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San Juan Islands, Washington State, United States
A society formed in 2009 for the purpose of collecting, preserving, celebrating, and disseminating the maritime history of the San Juan Islands and northern Puget Sound area. Check this log for tales from out-of-print publications as well as from members and friends. There are circa 500, often long entries, on a broad range of maritime topics; there are search aids at the bottom of the log. Please ask for permission to use any photo posted on this site. Thank you.

25 May 2017

❖ REMEMBERING THE LIFEBOAT HERO ❖

DORUS "OPA" RIJKERS,
Helder, Holland.
Extraordinary lifeboat captain.

Photo date 1927 celebrating his 80th birthday.
Original photo from the archives of the S.P.H.S.© 
Theodorus "Dorus" Rijkers (1847-1928) was a famous Dutch lifeboat captain and folk hero, most famous for his sea rescues of 511 shipwrecked victims over a total of 42 rescue operations, and at least 25 before joining the lifeboat-service.
      'Opa' Dorus received his nickname Grandpa (Dutch: Opa) while still a young man; he had married a fisherman's widow who already had 6 children. The nickname began as a joke, Dorus soon started acting and looking like a grandpa, and from that time on he became primarily known by his nickname.
      Dorus gained most of his fame as a result of his service to the Noord-en-Zuid-Hollandsche Redding Maatschappij (NZHRM) one of the two main Dutch lifeboat-societies at the time. 
      However his life-saving career began in 1872 before he joined the NZHRM, while acting as captain of his own boat. While at sea, he saved all 25 crew members of the barque Australia from drowning at sea. Because of this incident, Dorus gained a reputation as a rescuer, that preceded his joining the NZHRM as a volunteer. On the basis of his reputation, he was granted the position of coxswain upon joining the NZHRM without having to prove his qualifications. His rank of coxswain entitled him to immediately command his own boat and crew.
      Although Dorus joined the NZHRM as a volunteer, he worked so many hours that it precluded him from taking on other paid work. Dorus and all of his crew members received a sum for each trial and each service.
      During his nearly 30 years service, Dorus saved hundreds of people from drowning at sea,  becoming legendary long before his retirement. In the waters where he served, he saved such a large number of people with such effectiveness that the survival statistics increased dramatically. At the end of his career, although he remained active, his role became more symbolic in nature.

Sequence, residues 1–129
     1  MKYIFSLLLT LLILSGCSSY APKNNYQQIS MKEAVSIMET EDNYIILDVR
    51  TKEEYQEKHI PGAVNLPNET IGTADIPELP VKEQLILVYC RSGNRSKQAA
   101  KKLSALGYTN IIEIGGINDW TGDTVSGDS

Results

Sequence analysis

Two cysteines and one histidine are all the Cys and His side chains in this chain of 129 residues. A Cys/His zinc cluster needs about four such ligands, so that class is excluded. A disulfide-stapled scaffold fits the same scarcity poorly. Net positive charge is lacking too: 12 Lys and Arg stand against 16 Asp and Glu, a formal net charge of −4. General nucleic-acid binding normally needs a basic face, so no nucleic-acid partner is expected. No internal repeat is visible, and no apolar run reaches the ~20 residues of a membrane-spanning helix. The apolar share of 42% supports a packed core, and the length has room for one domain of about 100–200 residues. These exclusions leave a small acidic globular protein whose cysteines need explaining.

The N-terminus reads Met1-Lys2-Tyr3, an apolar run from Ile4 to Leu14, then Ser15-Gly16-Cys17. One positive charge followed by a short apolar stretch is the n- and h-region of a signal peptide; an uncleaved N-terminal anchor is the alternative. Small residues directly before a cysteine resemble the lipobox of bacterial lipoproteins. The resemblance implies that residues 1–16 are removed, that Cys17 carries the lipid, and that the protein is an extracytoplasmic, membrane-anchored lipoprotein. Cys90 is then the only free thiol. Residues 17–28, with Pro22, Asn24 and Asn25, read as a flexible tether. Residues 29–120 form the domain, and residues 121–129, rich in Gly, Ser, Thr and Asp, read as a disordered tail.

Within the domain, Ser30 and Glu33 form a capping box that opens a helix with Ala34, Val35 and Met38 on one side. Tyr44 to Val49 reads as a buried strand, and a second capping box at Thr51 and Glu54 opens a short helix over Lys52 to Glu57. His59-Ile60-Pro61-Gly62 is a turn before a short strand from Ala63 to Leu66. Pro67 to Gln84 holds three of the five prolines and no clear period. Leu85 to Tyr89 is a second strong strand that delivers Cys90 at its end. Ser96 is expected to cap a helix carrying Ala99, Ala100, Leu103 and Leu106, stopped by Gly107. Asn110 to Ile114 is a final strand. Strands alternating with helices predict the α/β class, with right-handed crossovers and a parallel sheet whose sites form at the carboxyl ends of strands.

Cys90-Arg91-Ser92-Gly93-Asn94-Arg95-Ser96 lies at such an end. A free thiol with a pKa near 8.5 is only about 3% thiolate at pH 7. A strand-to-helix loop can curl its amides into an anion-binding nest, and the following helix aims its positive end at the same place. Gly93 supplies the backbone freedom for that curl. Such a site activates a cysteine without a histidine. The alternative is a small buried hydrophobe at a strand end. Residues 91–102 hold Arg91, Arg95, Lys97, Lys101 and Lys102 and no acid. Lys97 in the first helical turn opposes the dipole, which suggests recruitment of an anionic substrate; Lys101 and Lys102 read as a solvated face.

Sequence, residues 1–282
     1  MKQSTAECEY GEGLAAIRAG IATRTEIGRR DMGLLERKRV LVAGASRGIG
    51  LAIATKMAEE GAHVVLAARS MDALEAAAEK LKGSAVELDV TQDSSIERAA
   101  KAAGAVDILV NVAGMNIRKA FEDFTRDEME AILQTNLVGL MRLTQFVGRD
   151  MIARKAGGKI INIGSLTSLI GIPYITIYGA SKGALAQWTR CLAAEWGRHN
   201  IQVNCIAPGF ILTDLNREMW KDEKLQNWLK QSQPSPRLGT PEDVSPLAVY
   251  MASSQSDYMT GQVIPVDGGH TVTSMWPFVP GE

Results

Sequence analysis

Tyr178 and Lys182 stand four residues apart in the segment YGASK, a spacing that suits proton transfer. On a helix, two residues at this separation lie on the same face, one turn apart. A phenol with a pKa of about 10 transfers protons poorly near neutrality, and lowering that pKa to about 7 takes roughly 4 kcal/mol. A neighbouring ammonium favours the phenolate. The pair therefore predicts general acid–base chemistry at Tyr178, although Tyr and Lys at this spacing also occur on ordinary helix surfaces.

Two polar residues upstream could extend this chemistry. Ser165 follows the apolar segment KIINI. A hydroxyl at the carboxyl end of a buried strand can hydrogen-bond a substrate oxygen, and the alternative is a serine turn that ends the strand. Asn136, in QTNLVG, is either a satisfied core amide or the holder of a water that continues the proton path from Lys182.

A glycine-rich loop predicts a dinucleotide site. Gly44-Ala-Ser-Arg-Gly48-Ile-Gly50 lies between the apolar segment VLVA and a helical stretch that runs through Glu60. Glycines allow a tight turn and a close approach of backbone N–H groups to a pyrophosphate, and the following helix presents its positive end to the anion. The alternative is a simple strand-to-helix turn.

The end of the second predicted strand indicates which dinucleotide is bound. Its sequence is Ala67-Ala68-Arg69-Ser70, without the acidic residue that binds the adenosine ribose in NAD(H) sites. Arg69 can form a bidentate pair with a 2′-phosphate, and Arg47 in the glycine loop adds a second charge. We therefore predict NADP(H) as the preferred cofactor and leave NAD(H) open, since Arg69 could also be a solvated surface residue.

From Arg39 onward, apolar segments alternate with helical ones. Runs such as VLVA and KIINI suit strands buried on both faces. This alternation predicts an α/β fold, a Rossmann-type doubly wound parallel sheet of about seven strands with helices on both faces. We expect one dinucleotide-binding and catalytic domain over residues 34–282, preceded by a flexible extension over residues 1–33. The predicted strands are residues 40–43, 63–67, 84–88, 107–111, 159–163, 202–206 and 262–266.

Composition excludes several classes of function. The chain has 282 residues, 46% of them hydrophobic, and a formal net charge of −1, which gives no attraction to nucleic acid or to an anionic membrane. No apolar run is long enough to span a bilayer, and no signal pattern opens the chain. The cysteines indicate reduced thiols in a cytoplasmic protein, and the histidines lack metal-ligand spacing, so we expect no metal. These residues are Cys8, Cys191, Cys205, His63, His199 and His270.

In 1888: Dorus Rijkers met King William III of the Netherlands after rescuing sailors from the German barque Renown. The King gave Dorus a gold medal of honor and smoked a pipe with him.
      1911: Dorus retired at age 64, after which he received only a very small pension. He struggled to make ends meet by eating simple food and living plainly.
      1922: During an interview with Dr. L.A. Rademaker, editor of the Hague newspaper Het Vaderland, Dorus complained about his situation. He claimed that he had been forced to sell the gold medal of honor in order to buy himself a bicycle. The Dorus Rijkers Fund for the Heroes of the Sea was created after Dorus' plight and that of other retired life-savers.
      1928: Dorus Rijkers died at the age of 81. He was given a funeral that was so grand that it resembled a state funeral in size and style. There was music, a big parade, thousands who came to pay their last respects including a large number of Marine Officers, also high ranking government officials, among them representatives of the Ministry of the Navy. The grandeur of his funeral showed the great public esteem in which Dorus was held at the time. Rijkers had become a national hero and was by far the most popular Dutchman of those years (according to a poll that surveyed many people in the Netherlands during the 1920s.
      1935: There is a huge statue erected in honor of all the Netherlands sea-rescuers. This statue is sometimes mistakenly assumed to be in honor of Dorus. In fact, a separate, smaller statue of Dorus was erected in 1939. One of the rescue boats of the KNRM still carries his name with pride. Dorus is generally acknowledged as one of the greatest rescuers of all time. 
A photo of that vessel named for the hero,can be viewed here
      
      

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